The UK’s leading offshore wind developer is in talks with Net Zero Secretary Claire Coutinho about the fate of its flagship project off the coast of Norfolk, after spiralling costs cast doubt over its viability.
Ørsted, the Danish renewable energy giant, is understood to be in talks with the Department for Energy Security and Net Zero, led by Ms Coutinho, about securing more generous subsidy arrangements for its Hornsea 3 wind farm project.
It would see 231 turbines installed off the coasts of Norfolk and Lincolnshire, generating power for 3m homes.
Subsidies for Hornsea 3 were agreed with the Government last year through contracts for difference (CfDs), with operators guaranteed a minimum price per megawatt hour (MWh) known as the strike price. Ørsted was promised £37.35.
However, the wind industry has been hammered by inflation of up to 40pc since then. Building Hornsea 3 would now put Ørsted at risk of significant losses and executives warned earlier this year that they needed more government support to keep the project alive.
A spokesman for Ørsted said there was “an ongoing dialogue with the UK government”.
The Telegraph reported earlier this week that Ørsted was considering giving up a portion of its subsidies and selling power from Hornsea 3 to companies on a commercial basis in order to improve its finances.
Ørsted on Tuesday sacked two of its most senior managers after incurring huge losses on US wind farm projects.
The company recently lost $4bn for the first nine months of 2023, halted development of its Ocean 1 wind farm off New Jersey and cancelled the nearby Ocean 2.
Ørsted’s chief operating officer, Richard Hunter, and Daniel Lerup, the company’s chief finance officer, have both now left the business.
Announcing the changes, Mads Nipper, group president and chief executive of Ørsted, said he and the board had concluded the company needed “need new and different capabilities to lead”.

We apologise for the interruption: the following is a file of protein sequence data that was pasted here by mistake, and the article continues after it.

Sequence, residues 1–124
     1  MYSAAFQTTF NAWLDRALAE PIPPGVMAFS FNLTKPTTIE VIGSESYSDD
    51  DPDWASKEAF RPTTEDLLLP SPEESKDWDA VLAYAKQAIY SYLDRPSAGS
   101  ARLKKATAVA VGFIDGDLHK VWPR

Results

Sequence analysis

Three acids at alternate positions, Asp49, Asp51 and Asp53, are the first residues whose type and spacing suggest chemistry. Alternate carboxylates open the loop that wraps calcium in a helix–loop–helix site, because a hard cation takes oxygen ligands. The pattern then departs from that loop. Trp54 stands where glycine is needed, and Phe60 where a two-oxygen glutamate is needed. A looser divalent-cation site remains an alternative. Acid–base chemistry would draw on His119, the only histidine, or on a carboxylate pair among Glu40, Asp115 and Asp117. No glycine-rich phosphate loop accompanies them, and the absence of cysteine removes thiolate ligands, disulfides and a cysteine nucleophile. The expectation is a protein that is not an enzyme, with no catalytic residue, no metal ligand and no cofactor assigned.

He said: “Ørsted, along with the rest of the industry, is experiencing a challenging and volatile business environment.”
Germany’s Siemens Energy and Sweden’s Vattenfall have both recently taken large write-downs linked to surging inflation.
Siemens Energy has been forced to secure a €15bn deal with the German government and a consortium of banks to help the troubled manufacturer weather massive losses at its Gamesa wind-turbine unit.
A Department for Energy Security and Net Zero spokesman said: “We will continue to drive forward our ambition of up to 50GW offshore wind by 2030, while recognising the global impact of rises in inflation and interest rates. We are committed to a successful next auction round that includes offshore wind.”
The UK government is preparing to publish details of its next “allocation round” for new renewable energy project subsidies, including offshore wind. The announcement is expected this week and should confirm the strike price has been raised to above £70.
The last round offered a strike price of £44 for offshore wind and attracted no bidders.
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